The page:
S.C. State University says it needs money by next month to avoid interruption of some campus services. But how the cash-strapped school will get that help remained unclear Wednesday.
The school is $13.6 million behind on its bills with some unpaid since October, president Thomas Elzey told state budget leaders Wednesday.
A dozen vendors have told the school they could cut off services, including those who provide food to students, washing machine maintenance in dorms and materials for the school bookstore, Elzey said.
“We’re getting calls,” he said.
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Elzey, whose school is undergoing two separate state financial reviews, went before the S.C. Budget and Control Board asking for direct aid to make the state’s only historically black public college whole going into a new fiscal year that starts July 1.
The Orangeburg university, alternately, could take a loan to pay bills but that would add to its debt load, he said.
The budget board, led by Gov. Nikki Haley, took no action, suggesting Elzey try to get the money from state lawmakers, who set the state’s budget.
But no definitive solutions were offered by General Assembly leaders Wednesday, though they said they want the school to succeed.
Going through the budget process would not get S.C. State money in time, officials said. Senate President Pro Tempore John Courson, R-Richland, who handed Elzey a $1,000 personal check for the school on Wednesday, suggested the school might need to make more cuts.
A loan, approved by the budget board, would give the college money more quickly than the state’s budget process. But Republican Haley wants to see the results of a state inspector general’s report on the school’s finances, which is expected in a few weeks.
The state should “not just find a Band-Aid patch, but say what went wrong in the first place, and what do we do to make it a strong university again?” Haley said.
House Ways and Means chairman Brian White, an Anderson Republican who sits on the budget board, said he wants more details about how much S.C. State owes and the dates when vendors will cut off services.
The state budget office is reviewing the school’s finances after Elzey alerted officials about the cash shortfall last month. That review, expected to take a few more weeks, would give lawmakers a more clear picture of how to react before services are interrupted, White said.
“The kids down there need to know, with the time and money they have invested in S.C. State, that they are going to be able to graduate and get a degree,” he said.
S.C. State has enough money to pay its 1,045 employees through the end of the state’s fiscal year on June 30. White suggested Elzey consider taking some of the employee pay to cover unpaid bills, which would buy the school more time while lawmakers decide how to help with the shortfall.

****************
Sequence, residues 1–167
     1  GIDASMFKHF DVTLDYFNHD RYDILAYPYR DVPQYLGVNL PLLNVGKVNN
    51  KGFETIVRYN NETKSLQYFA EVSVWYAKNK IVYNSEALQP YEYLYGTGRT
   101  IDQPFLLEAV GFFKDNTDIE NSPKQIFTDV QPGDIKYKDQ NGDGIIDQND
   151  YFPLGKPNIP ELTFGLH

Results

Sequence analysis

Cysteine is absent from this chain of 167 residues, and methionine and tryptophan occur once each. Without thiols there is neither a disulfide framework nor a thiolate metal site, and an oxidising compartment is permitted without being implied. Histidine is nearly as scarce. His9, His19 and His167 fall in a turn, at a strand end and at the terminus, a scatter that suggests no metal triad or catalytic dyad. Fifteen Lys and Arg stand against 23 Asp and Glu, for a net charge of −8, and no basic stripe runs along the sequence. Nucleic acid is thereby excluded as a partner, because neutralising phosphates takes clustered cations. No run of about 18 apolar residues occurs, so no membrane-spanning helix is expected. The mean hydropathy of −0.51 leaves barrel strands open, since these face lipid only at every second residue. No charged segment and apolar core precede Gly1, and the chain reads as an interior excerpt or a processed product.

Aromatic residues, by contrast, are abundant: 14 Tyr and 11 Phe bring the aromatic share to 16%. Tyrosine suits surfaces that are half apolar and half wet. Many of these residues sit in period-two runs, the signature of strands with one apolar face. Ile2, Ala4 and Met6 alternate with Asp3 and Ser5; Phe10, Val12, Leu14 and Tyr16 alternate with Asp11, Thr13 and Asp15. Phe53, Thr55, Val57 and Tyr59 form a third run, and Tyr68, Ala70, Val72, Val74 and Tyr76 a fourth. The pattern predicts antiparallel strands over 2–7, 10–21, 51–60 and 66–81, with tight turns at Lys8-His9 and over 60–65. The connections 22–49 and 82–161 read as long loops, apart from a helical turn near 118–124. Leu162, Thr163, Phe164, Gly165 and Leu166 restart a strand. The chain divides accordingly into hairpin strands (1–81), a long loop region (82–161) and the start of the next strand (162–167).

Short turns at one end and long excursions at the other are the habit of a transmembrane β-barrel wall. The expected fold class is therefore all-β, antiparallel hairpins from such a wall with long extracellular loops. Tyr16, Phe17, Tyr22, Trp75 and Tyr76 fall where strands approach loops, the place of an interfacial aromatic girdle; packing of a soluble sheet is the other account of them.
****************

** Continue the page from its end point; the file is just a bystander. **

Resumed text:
Without help from the state, Elzey said he would negotiate with vendors to keep services going but did reveal any more specifics.
Meanwhile, S.C. State also says it needs money to remain academically competitive. The college requested $2.5 million for its nuclear engineering program and maintenance from a Senate panel Wednesday. S.C. State plans seek $2 million to $4 million a year in new money for upkeep and new programs.
S.C. State has been hurt by shrinking enrollment, budgets devised in anticipation of a larger student body that failed to enroll, and cuts in state funding and federal student financial aid, Elzey said.
S.C. State’s enrollment was nearly 4,900 in the fall of 2007 but shrank to 3,100 this spring. Each student lost costs the school $14,000, Elzey said. That translates into $25 million of lost revenue.
In the past, the college’s shortfall was covered over by shifting money around, said Elzey, who arrived at the school from The Citadel in June. Elzey said he needed months, after arriving, to unearth the depth of the school’s financial woes.
“We knew we were walking into a hornet’s nest,” he said.
The school remains under warning from the Southern Association of Colleges and Schools that its accreditation is in jeopardy. That group is concerned about the school’s financial health and governance — issues that date back before Elzey’s arrival. All but a few of S.C. State’s trustees also are new, many elected last year by legislators upset with the school’s direction.
Despite new leadership, the school’s struggles over the past decade still sting. Rep. White expressed reservations about giving the S.C. State more money without assurances about spending.
Elzey promised a quarterly update on the college’s progress and to account for how it spends any money lawmakers give the school. He also promised to balance the school’s budget next year if it can get help with the shortfall.
The S.C. House’s main budget committee already has approved a deficit-monitoring team to help the school reach financial stability by July 2015.
S.C. State has worked to fix its money problems, including cutting staff, Elzey said. More cuts, including eliminating $1 million in spending on low-performing academic and athletic programs, are planned. The school also has raised its tuition.
Some efforts are working. S.C. State has attracted more applications to attend and increased its fundraising. Elzey said he and his wife have attended college fairs, where he reassures students about the school’s future.
“We are going to be up and running, and offering the kind of quality education that S.C. State has always provided,” Elzey said.
University of South Carolina president Harris Pastides, who sat through Elzey’s presentation Wednesday, pledged the state’s flagship university’s support for S.C. State. “Unfortunately, he can’t just turn the page,” Pastides said. “He asked for and deserves some time.”